FRANKFURT, June 25 (Reuters) – Europe’s cruise lines managed to eke out growth in 2012 despite a difficult economy and lingering memories of the Costa Concordia disaster, luring new customers with bigger ships and even heavy metal concerts.
A record 6.2 million Europeans booked a cruise last year, growth of just 1.3 percent and a far cry from the increases of over 10 percent registered for four of the last 6 years, according to a report published by the Cruise Lines International Association (CLIA) on Tuesday.
The report also showed the cruise industry contributed almost 38 billion euros ($50 billion) to Europe’s stuttering economy in 2012, a 3.1 percent increase on 2011.
“There’s a sense of pleasure that we have grown despite everything,” David Dingle, CEO of Carnival Corp & Plc’s Carnival UK, who was speaking on behalf of the CLIA, told Reuters.
One of the ways cruise lines have been trying to battle the economic downturn is by attracting younger travellers and ensuring their ships offer as many entertainment options as possible.
“We need to appeal to new customers and the younger we get them, the more cruises they will take during their lifetime,” Dingle said.
TUI Cruises offered a week-long Full Metal cruise in May, while Carnival brand Cunard is selling tickets for a five-day cruise in November starring German rocker Peter Maffay.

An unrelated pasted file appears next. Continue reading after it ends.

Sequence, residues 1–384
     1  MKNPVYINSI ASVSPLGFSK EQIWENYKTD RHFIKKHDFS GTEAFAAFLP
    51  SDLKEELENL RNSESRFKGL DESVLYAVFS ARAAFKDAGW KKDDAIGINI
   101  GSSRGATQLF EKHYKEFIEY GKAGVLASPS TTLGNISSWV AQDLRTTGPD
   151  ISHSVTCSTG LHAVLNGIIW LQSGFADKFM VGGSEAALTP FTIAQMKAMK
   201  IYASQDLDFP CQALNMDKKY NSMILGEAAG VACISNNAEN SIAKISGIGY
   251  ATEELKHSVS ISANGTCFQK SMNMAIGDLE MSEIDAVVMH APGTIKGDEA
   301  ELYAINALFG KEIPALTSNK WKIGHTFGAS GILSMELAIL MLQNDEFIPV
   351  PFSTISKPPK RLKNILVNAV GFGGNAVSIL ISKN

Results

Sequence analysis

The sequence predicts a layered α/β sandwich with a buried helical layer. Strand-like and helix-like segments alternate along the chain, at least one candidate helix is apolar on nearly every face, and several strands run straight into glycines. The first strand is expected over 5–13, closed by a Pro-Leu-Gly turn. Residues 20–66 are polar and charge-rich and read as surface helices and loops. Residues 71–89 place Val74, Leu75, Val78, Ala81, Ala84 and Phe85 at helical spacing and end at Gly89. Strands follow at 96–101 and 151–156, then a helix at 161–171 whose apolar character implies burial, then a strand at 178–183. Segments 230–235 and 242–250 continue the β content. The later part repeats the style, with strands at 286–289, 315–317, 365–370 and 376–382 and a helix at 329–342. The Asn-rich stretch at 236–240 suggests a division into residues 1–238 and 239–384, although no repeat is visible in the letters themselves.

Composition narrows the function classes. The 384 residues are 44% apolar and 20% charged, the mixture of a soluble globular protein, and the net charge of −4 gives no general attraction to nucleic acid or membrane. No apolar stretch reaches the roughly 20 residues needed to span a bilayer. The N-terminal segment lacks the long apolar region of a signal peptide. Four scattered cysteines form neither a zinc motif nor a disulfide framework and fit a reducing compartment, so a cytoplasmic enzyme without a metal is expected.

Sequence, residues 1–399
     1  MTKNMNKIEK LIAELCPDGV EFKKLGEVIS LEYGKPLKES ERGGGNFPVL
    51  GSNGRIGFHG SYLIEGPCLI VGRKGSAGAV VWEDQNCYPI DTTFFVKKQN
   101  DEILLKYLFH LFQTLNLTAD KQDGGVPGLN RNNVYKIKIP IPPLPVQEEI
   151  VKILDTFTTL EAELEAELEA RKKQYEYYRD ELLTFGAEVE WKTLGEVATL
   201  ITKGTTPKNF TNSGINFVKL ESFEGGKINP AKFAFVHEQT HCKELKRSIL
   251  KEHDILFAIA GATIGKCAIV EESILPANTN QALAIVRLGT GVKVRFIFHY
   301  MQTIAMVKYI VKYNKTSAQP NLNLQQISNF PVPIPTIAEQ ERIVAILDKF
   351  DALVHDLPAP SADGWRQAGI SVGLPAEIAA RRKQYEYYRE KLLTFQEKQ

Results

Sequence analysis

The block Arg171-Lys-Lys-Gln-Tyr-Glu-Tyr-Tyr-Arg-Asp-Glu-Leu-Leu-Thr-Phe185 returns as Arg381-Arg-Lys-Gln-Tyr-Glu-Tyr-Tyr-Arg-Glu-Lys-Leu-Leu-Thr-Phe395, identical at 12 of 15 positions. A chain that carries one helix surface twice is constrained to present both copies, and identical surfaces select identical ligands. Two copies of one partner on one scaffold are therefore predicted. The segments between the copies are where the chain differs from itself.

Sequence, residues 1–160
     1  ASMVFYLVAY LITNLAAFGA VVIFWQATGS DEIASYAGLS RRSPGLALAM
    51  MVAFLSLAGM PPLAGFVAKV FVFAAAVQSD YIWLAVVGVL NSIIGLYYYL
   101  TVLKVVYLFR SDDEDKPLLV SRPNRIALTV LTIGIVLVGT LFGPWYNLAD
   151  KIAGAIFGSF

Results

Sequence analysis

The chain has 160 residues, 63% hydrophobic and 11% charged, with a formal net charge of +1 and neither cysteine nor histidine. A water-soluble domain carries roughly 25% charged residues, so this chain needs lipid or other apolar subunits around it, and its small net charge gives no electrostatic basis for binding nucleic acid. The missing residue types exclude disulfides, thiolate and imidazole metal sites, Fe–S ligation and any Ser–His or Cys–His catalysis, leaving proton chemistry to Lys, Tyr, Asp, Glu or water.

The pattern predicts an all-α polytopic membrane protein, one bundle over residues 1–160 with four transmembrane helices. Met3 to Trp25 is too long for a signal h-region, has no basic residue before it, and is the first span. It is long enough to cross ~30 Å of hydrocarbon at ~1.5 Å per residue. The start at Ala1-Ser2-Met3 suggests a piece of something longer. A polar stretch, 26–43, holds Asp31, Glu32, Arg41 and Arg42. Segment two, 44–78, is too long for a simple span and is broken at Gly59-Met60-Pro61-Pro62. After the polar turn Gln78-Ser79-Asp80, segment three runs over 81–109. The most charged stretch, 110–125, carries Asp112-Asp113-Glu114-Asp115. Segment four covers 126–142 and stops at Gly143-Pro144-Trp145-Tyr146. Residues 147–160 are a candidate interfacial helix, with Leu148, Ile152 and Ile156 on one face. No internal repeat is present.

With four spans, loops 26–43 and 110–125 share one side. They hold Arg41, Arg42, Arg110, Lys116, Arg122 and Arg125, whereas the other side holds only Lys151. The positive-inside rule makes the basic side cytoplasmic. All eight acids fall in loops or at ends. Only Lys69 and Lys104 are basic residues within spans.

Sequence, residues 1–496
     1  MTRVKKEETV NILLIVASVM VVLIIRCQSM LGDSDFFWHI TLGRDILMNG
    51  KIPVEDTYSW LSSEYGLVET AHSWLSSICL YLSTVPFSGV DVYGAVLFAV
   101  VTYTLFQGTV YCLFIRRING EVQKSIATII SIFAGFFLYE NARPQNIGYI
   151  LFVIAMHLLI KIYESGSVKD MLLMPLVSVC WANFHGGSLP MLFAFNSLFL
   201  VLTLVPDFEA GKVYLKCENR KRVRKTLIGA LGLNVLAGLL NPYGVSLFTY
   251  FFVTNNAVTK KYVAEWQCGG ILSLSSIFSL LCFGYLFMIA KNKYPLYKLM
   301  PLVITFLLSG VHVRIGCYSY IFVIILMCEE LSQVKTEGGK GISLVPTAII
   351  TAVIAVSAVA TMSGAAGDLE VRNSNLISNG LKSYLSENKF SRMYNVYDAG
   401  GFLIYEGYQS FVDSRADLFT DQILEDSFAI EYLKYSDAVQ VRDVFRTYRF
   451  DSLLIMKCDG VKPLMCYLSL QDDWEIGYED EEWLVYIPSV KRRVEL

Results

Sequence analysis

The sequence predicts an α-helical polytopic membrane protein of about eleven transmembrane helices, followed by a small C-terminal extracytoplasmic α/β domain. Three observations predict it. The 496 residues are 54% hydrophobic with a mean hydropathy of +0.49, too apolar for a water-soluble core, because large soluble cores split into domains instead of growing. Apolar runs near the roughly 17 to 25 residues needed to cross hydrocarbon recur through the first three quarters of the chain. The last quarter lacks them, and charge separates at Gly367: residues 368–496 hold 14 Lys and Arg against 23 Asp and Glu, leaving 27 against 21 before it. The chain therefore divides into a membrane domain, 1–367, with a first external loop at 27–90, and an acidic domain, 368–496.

“We’re building ever larger ships, we can now offer a different restaurant for every night of your cruise and you can have heavy metal at one end of the ship and a string quartet at the other,” Dingle said.
However, the CLIA figures reflected a split in Europe’s economies.
In powerhouse Germany, the cruise industry contributed 2.95 billion euros to the economy, a 17 percent increase on 2011 and helped by increased shipbuilding, passenger spending and pay rises for staff.
By contrast, the contribution for France and Spain declined by 12.9 and 3.3 percent, respectively, while Italy recorded a 0.2 percent increase.
Dingle said Italy was able to partially compensate for its domestic economic woes thanks to its position as Europe’s top cruise destination and the fact that it has the largest cruise shipbuilding industry in Europe.
According to the report, spending on ship building and maintenance at European shipyards stabilised at 3.85 billion euros in 2012 after three successive years of declines.
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